“Everything in moderation.” That’s how the popular saying goes, but when alcohol is involved, many don’t know when to stop. This is why bartenders and those who serve alcohol actually have a lot of responsibility when it comes to protecting the safety of themselves, their patrons and their establishment.
Alcohol service involves many risks, including legal ones. We'll cover seven of them in today’s article, as well as how an alcohol serving certification course can prepare you to handle them.
The most obvious risk is serving anyone who is under 21 years old. Fake identification cards abound and so many people look older than they really are. It’s difficult to know how to tell if someone is underage or not, but a TABC Certification Course can help you better identify and prevent serving alcohol to anyone who even looks under the age of 35.
An Unsafe Environment
Drinking makes people do questionable things, to be frank. As such, it’s important to control the amount of alcohol that people consume, at a certain point. But how do you know when it’s time to cut someone off or stop serving alcohol? A training course can give you the warning signs to watch for and best practices for adjusting to changes in the environment.
Serving Intoxicated People
Related to the risk above, you don’t want to serve alcohol to people who are already intoxicated and past their limits. (This is especially true if they are about to head home.) Like age, however, it can be difficult to tell when someone is intoxicated or not. Again, training will help you here by covering the signs and symptoms of a typical person who is overly intoxicated.
Another risk of serving alcohol is when someone who has been drinking injures another person or damages property. Who is legally liable in these cases? It’s a gray area most of the time, but you can continue to mitigate your risks by watching out for patrons who have had a little too much to drink.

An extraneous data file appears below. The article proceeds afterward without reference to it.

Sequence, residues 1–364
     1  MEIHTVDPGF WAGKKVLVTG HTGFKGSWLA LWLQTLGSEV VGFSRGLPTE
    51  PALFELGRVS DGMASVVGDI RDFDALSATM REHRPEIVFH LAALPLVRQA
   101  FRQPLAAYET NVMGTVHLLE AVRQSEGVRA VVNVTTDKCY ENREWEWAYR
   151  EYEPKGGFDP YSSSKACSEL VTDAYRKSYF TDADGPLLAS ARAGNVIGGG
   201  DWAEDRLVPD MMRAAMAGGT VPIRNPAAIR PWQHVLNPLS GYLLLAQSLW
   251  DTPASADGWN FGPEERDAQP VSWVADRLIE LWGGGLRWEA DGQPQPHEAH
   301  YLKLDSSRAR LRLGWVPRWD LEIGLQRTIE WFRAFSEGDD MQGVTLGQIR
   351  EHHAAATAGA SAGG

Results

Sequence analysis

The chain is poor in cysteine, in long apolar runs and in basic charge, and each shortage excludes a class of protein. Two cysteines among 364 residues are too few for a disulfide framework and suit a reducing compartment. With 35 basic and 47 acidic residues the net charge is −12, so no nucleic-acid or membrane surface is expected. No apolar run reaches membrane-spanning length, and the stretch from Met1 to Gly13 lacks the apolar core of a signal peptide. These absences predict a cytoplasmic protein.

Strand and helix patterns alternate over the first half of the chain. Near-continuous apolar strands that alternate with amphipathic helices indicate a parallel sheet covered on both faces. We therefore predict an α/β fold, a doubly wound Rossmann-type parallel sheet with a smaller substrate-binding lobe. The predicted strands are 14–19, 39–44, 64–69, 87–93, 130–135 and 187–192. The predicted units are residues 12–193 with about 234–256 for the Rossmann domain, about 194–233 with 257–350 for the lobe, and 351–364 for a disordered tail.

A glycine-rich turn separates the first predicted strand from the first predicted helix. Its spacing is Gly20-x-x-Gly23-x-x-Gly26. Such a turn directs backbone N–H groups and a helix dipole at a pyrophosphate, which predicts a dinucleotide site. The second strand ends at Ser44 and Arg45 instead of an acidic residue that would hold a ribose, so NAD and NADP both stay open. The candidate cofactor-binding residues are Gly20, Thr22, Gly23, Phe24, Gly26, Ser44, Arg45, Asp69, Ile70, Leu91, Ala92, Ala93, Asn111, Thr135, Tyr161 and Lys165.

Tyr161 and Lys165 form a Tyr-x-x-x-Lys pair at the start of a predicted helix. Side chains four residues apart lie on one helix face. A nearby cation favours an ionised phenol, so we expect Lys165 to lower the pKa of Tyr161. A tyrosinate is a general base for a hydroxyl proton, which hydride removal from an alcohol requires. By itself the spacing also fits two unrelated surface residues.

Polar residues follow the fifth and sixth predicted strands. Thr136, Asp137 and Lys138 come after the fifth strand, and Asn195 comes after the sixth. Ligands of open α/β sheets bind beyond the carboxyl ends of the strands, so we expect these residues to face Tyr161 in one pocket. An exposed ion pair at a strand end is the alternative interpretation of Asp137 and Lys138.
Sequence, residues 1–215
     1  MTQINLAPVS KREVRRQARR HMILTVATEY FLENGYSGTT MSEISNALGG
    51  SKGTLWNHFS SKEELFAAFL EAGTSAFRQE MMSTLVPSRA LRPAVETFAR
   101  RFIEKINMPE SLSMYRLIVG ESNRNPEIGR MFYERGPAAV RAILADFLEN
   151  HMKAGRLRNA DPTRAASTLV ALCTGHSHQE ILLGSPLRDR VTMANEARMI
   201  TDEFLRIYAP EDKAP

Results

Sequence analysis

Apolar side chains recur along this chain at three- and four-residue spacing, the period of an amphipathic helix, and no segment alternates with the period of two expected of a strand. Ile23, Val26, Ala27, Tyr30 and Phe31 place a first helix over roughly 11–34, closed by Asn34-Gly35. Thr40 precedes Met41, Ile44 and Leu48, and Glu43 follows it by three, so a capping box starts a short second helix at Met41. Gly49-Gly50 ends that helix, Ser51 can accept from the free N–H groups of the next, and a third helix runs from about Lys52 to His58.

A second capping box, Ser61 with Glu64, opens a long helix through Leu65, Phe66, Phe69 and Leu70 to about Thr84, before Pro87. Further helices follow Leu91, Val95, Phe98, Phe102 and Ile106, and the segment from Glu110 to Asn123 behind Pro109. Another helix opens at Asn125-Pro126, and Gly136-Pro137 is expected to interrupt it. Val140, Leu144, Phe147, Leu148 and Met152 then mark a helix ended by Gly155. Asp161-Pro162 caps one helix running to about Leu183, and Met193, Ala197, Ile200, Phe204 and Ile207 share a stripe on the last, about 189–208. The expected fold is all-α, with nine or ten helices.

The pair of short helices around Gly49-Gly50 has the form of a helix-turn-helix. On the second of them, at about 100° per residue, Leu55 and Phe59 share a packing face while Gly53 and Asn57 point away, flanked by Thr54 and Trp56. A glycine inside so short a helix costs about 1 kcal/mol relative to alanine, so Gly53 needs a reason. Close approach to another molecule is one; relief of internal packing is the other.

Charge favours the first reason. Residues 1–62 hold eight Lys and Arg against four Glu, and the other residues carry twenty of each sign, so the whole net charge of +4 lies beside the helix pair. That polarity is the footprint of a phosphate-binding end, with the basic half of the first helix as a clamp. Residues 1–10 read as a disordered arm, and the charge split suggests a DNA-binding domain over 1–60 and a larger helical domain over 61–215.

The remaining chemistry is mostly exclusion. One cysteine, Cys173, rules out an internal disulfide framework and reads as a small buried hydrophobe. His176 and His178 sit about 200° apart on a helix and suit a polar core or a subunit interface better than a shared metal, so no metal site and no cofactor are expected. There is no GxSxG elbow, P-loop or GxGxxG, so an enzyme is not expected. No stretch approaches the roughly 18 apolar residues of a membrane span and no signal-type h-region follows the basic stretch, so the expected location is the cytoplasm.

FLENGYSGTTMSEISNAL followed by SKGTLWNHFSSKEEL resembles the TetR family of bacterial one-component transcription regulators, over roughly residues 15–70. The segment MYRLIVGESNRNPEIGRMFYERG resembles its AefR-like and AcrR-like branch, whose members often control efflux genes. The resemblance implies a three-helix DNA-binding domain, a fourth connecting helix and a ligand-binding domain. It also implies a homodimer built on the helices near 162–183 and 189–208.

Serving Too Late
The later you serve alcohol in the night, the more you risk patrons driving home drunk. This is why there are often cutoff times at bars or sports venues, as these establishments have set times when they end. Proper alcohol serving training will help you avoid this mistake.
Drinks are becoming more and more complicated these days. As such, they include more elaborate presentations and often the inclusion of food elements. (Have you seen any pictures of Bloody Mary garnishes lately?) With that comes the risk of food allergy exposure and cross-contamination. Plus, more servers these days are being asked to take orders and serve food in addition to drinks. In these cases, a combination food handlers course and TABC certification course may be the best way to protect your customers.
Losing Your Job
Finally, your establishment may be part of a club, or your company may have other requirements when it comes to serving alcohol. In these cases, you risk losing your job. Whether it’s serving non-members or violating company policy, a good alcohol serving course can teach you how to maintain compliance.
This is just the tip of the iceberg when it comes to alcohol serving best practices. To learn more, check out our TABC Certification Course and enroll today.